There is a term in Portuguese, saudade, which my Portuguese-American sister-in-law tells me has "no absolute English translation." But it is meant to describe "a deep emotional state of nostalgic or profound melancholic longing for an absent something or someone that one loves," according to Wikipedia, which also notes that, "Moreover, it often carries a repressed knowledge that the object of longing might never be had again." It's safe to say the feelings of saudade are all over the place right now as we hit the one year mark of life in pandemic times. And those final days lived in ignorant bliss are both a salve and melancholic trigger.

The last fun thing I did in pre-pandemic New York City was go to Saturday Night Live, which I've been lucky enough to experience from backstage for years thanks to a friend. I brought my sister-in-law that night, who arrived at my apartment and immediately declared she had been at a party the night before with a woman who just flew back from Wuhan. "Don't freak out," she said. "I didn't get too close to her."

I knocked this piece of information out of my brain with some whisky at Del Frisco's Grille, a pre-SNL ritual for me, enjoyed with their flatbread pizza. Once we were backstage, we made ourselves some drinks and settled in, only heading to the floor for Justin Bieber — who delivered what would be the last live music performance I'd see for a year and counting.

The afterparty — though hosted in a larger space than some of the previous ones — was particularly crowded, and I figured if I was going to get COVID, it'd be there. Next thing I knew I was wearing my first mask, working from home, and have been primarily alone in my apartment ever since. The "air rundown" for that night's show is still on my fridge, like a note from the day that time stopped. I see it every day, and in that moment my brain can take me back to that night like a time machine — it feels simultaneously near and far, and delivers an intense saudade.

We recently asked for you to share the Last Fun Thing you did before everything changed. Below are some of the submissions we received, which contain personal memories, now cringe-worthy accounts of unmasked nights out on the town, and a reminder of just how wonderful this city is.

Please note: for length, we have cut approximately 250 submissions recalling seeing Celine Dion at Barclays Center.

In early March, my husband and I met a friend for a late afternoon snack and coffee at Lucien and I remember the bright winter sunlight made the inside of the restaurant so warm and lovely. We only chose Lucien, which usually made me a little uncomfortable because of its hip clientele, because of its proximity to the ever-glamorous gay dive bar Boiler Room. My friend had left his phone there after a late night out and after we finished at Lucien, we walked a few blocks to the bar to go get it. Naturally, because we were there already, my husband and friend ordered beers. I was about 16 weeks pregnant with twins so I had a seltzer. But the thrill of sitting in a bar that I had been to many times in my 20s very late at night during daylight hours enjoying a drink with a friend was not lost at me even then, before I knew things would be shut down only a few weeks later.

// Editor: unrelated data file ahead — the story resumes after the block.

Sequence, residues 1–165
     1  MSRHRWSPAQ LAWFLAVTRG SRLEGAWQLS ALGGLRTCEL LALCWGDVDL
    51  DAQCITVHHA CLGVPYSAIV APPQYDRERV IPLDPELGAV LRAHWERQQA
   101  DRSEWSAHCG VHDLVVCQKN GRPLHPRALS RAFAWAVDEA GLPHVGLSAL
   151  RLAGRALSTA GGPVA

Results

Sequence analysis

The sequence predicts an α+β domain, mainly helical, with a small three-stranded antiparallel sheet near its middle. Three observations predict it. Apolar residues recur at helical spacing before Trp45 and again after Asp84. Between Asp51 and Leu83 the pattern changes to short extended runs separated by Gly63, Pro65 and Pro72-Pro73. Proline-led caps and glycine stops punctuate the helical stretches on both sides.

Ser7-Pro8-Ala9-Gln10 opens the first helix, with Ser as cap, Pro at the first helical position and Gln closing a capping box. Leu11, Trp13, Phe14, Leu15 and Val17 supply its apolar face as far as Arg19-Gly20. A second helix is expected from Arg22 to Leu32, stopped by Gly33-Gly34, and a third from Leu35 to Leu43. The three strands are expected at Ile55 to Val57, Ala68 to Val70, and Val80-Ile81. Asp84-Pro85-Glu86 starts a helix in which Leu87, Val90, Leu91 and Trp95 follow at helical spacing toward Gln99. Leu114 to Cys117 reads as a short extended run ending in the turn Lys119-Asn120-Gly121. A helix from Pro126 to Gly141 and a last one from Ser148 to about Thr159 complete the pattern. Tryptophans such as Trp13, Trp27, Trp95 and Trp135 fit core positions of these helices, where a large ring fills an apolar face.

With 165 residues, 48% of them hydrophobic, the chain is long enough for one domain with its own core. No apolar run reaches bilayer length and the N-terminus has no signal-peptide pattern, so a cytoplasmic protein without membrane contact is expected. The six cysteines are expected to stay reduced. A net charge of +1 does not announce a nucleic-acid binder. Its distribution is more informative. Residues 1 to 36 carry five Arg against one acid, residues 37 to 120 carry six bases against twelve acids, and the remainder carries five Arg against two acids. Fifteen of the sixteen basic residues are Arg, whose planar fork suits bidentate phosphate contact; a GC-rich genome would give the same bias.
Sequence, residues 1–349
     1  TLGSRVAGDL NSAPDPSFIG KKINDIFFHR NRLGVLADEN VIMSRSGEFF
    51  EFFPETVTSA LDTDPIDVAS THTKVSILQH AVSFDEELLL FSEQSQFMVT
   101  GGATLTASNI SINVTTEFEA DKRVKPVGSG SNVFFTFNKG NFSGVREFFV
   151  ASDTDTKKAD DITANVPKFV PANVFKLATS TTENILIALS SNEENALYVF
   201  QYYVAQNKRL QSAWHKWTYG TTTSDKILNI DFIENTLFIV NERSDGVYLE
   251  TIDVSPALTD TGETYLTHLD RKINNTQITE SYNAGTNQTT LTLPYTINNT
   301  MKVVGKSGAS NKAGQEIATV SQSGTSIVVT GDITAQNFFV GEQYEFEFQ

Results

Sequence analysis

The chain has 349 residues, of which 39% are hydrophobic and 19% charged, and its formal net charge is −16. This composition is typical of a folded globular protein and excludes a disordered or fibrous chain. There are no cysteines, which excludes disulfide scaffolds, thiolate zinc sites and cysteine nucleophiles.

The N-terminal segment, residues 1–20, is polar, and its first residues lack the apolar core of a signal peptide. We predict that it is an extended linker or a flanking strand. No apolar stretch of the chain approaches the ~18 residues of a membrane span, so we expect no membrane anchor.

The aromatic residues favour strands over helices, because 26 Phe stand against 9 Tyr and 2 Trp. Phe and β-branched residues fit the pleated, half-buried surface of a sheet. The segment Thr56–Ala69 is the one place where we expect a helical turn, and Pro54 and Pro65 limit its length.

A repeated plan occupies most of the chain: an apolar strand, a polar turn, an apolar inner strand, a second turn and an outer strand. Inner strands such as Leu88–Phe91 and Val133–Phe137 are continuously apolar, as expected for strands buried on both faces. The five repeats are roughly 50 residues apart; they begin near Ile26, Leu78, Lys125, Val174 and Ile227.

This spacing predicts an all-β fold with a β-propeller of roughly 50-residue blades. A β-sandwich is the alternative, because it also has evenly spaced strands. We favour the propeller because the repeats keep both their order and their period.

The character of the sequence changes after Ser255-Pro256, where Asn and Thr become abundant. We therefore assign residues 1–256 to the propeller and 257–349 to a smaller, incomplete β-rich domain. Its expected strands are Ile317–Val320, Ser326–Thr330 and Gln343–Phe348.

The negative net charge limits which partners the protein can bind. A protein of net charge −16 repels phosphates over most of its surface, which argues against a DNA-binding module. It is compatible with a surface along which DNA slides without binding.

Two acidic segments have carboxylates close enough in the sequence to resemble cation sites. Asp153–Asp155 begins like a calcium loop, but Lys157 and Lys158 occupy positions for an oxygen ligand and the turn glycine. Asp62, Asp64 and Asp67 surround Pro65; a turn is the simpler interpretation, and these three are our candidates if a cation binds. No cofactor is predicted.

— Kelly, Harlem

Concert — Nada Surf at Music Hall of Williamsburg on January 31st, after dinner at Radegast with a dear friend who has since passed away.

Movie — Parasite at the IFC Center, sometime in February, before it won best picture.

Museum — Bill Graham exhibit at New York Historical Society, sometime in later February.

Dinner — at 181 Cabrini on March 14th (the night before restaurants shut down)

— From Anonymous Native New Yorker

After 10 years, we finally succeeded in getting my musical Love Quirks off-Broadway at St. Luke’s Theater.  We started previews on my birthday, and it was the best birthday I’ve ever had.  We had 2 weekends of performances, and I was just on top of the world.  The excitement of bringing a show that we worked on for so long to its commercial debut is incomparable. Seeing the standing ovations brought tears to my eyes, and I have never felt so happy. Then, we had to cancel the third weekend three days before the official opening night, which was to include a party with celebrities and dozens of my friends.  But I will always have the memory of those first two amazing weekends, and we recorded the cast album this [past] fall, and it will be released as soon as we are allowed to reopen.  I can’t wait til my last fun thing is my next fun thing again!
— Seth Bisen-Hersh

The view from a new job that wouldn't exist a few days later, March 2020.

I can’t imagine anyone thinking that work is the “last fun thing” they did before the shut down, but for me, it was definitely work. A few days before the shut down, after looking for work for about a month, I got hired to work in the bar at One World Observatory. The place was great, people were fun to work with, and the view was phenomenal. Prior to that, I had been unemployed for about a month or so, so it was exciting to be back being productive especially in such a gorgeous establishment. After a few days, indoor dining would be shut down indefinitely, and eventually the city would follow. My last day there I took a photo of the view not knowing when I’d be back. I haven’t been back there since, but am looking forward to a future where we can all go back to work, or even a future where we can enjoy a drink with friends indoors after a hard day’s work. 

— Jon V., Washington Heights